At a recent tourism forum in Madrid, former Minister of Industry, Commerce and Tourism Ms. Maroto said: ‘The tourist tax does not have to be merely a tax, it has to be a tax that reverts to the tourism industry.’
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Her comments at the forum were reported by the leading tourism media, Hosteltur.com
The Madrid Hotel Business Association immediately signalled its opposition to the idea, claiming it would directly harm the hotel sector and visitors.
‘Madrid is booming and becoming one of the most desired destinations for national and international tourists with a large hotel investment, without the need for a tourist tax,’ said its president, Gabriel Garcia Alonso.
Many parts of Spain are also considering a new tourist tax. Catalonia and the Balearic Islands, which include Mallorca and Ibiza, implemented the tax in 2012 and 2016, respectively.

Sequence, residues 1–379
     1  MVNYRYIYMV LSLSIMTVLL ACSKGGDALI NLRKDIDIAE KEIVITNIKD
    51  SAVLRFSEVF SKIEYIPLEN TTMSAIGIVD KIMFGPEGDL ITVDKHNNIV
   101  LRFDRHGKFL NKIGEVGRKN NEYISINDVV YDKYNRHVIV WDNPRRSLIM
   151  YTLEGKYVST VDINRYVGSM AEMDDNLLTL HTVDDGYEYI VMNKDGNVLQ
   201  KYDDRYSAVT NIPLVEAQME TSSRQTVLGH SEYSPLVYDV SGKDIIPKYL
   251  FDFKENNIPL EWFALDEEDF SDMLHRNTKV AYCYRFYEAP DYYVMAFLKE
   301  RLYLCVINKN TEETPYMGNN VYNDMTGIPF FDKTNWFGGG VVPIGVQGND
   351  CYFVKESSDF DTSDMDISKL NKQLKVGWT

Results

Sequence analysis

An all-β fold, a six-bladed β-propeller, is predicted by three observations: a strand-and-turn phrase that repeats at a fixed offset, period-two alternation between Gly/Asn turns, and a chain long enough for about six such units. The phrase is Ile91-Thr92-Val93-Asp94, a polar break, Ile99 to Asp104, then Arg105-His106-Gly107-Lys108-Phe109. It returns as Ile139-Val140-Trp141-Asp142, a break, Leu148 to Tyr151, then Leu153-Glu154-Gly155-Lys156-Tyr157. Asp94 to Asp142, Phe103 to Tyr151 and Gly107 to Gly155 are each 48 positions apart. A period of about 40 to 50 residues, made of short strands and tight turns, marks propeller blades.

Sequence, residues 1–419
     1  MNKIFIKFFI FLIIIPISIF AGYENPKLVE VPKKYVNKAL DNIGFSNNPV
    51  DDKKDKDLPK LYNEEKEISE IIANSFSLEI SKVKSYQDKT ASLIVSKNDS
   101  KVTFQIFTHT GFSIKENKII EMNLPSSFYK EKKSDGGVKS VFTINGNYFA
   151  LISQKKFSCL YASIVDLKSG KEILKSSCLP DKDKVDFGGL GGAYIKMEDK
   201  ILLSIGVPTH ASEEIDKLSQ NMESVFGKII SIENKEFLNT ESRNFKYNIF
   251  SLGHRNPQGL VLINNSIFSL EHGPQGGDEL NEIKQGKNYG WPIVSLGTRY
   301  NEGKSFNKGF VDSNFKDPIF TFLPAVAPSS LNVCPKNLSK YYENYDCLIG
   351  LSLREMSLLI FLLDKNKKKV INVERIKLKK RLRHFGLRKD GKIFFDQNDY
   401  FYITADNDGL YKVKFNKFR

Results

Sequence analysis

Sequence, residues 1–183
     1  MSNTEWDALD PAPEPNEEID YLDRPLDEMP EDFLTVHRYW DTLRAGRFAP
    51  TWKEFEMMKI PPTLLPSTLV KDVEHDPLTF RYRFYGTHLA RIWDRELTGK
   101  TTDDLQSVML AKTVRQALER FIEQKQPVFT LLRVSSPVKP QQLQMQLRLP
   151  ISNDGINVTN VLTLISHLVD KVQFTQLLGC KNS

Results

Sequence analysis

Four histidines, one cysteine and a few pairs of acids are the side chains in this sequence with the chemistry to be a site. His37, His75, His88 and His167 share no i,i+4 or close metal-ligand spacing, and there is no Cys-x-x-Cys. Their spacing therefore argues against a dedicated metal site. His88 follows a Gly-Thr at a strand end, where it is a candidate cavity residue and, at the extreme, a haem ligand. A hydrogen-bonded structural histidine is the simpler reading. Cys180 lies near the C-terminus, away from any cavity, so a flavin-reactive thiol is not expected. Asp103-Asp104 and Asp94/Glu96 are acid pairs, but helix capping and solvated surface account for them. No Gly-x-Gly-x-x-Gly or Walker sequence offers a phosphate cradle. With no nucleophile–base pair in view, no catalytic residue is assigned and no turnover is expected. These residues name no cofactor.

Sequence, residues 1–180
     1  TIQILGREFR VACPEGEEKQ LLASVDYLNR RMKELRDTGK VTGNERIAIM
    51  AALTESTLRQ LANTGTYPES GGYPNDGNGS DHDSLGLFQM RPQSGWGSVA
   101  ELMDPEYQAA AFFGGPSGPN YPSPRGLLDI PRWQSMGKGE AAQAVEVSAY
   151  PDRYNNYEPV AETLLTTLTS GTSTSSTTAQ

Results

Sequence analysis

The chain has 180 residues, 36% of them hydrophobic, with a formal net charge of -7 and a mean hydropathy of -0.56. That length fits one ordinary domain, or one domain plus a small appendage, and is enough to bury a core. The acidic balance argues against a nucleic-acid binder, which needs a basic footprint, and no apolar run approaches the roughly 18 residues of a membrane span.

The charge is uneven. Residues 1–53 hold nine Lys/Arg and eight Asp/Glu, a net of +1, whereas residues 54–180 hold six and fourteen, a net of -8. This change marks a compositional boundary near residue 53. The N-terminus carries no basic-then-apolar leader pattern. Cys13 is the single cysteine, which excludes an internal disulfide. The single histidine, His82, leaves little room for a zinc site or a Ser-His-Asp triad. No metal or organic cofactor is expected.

In November 2022, Valencia approved the tax which will come into force in December of this year and will range between 0.5 and 2 euros per day depending on the type and category of the accommodation in which people stay.
Galicia and San Sebastian are two other regions of Spain considering introducing a tourist tax.
Because the tax is implemented at a municipal level, it will be up to individual councils in the Valencia region to decide whether they want to levy the tax or not.
Benidorm, a popular destination among Brits, has already declared it will not introduce the extra tariff.
It comes as Spanish hoteliers continue to voice their concern over a proposed EU-wide tax which would see non-EU holidaymakers forced to pay an extra €7 (£6.20) every time they want to visit the continent.